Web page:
Implementing a Public Health Objective for Alcohol Premises Licensing in Scotland: A Qualitative Study of Strategies, Values, and Perceptions of Evidence.


Fitzgerald, N; Nicholls, J; Winterbottom, J; Katikireddi, SV; (2017) Implementing a Public Health Objective for Alcohol Premises Licensing in Scotland: A Qualitative Study of Strategies, Values, and Perceptions of Evidence. International journal of environmental research and public health, 14 (3). ISSN 1661-7827 DOI: https://doi.org/10.3390/ijerph14030221

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Abstract

The public health objective for alcohol premises licensing, established in Scotland in 2005, is unique globally. We explored how public health practitioners engaged with the licensing system following this change, and what helped or hindered their efforts. Semi-structured interviews were conducted with 13 public health actors, audio-recorded, and analysed using an inductive framework approach. Many interviewees viewed the new objective as synonymous with reducing population-level alcohol consumption; however, this view was not always shared by licensing actors, some of whom did not accept public health as a legitimate goal of licensing, or prioritised economic development instead. Some interviewees were surprised that the public health evidence they presented to licensing boards did not result in their hoped-for outcomes; they reported that licensing officials did not always understand or value health data or statistical evidence. While some tried to give "impartial" advice to licensing boards, this was not always easy; others were clear that their role was one of "winning hearts and minds" through relationship-building with licensing actors over time. Notwithstanding the introduction of the public health objective, there remain significant, and political, challenges in orienting local premises licensing boards towards decisions to reduce the availability of alcohol in Scotland.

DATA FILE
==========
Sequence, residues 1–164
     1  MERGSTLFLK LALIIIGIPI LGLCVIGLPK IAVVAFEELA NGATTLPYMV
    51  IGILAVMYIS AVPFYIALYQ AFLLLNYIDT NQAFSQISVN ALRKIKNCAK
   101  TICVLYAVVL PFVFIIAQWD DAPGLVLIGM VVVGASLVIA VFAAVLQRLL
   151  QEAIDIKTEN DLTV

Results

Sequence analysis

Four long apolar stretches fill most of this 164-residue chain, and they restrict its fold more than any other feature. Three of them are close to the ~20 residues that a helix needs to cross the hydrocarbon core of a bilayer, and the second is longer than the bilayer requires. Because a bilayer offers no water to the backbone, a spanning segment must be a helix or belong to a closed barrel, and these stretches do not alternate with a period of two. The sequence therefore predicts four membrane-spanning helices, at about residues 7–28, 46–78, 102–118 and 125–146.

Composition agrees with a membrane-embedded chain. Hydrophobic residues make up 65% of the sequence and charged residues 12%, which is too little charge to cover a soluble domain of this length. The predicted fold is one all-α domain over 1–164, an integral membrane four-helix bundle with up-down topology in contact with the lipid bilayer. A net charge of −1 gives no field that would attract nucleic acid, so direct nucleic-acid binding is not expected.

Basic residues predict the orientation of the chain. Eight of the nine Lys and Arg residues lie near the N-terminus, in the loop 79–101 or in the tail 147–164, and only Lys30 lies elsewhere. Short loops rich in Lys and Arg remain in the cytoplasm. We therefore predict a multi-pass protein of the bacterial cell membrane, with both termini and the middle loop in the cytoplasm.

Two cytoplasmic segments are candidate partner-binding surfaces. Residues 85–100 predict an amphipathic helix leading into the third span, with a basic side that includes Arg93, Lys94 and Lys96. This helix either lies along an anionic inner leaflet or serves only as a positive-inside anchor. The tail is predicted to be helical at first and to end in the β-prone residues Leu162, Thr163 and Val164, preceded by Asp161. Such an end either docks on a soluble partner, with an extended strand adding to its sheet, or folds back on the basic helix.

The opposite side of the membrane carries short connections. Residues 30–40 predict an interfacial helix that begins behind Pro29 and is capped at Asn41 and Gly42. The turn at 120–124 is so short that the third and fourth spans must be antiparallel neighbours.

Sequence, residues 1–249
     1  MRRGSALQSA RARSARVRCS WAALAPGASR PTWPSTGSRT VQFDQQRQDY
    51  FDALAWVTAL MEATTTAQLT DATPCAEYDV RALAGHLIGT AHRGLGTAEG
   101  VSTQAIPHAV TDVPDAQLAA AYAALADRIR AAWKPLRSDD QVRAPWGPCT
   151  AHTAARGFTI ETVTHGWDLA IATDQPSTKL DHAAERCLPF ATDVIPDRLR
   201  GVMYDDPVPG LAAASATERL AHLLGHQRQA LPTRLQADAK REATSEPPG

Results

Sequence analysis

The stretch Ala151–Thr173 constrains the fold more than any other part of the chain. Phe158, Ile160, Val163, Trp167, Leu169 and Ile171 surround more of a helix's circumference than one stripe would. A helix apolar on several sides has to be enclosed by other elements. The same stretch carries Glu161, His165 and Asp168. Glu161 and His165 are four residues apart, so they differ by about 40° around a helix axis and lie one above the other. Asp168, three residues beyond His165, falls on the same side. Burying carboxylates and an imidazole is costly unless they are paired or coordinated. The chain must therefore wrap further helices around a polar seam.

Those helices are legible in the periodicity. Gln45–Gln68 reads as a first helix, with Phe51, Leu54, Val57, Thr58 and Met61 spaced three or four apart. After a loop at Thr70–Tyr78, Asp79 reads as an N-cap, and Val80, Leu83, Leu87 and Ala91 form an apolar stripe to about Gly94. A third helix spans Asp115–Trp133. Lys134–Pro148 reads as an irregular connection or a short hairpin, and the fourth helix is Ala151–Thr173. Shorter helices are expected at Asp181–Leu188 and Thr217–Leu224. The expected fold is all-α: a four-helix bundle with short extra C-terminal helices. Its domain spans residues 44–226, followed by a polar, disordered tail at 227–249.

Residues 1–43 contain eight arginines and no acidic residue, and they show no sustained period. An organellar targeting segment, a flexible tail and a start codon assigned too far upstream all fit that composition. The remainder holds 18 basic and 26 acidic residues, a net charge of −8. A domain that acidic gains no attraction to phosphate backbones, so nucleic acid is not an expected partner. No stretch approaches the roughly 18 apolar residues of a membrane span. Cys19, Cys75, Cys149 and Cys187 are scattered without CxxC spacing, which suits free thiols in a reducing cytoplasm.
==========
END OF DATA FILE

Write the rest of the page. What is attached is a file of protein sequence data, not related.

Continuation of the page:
Item Type: Article
Faculty and Department: Faculty of Public Health and Policy > Dept of Social and Environmental Health Research
Research Centre: Centre for History in Public Health
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PubMed ID: 28241512
URI: http://researchonline.lshtm.ac.uk/id/eprint/3553949

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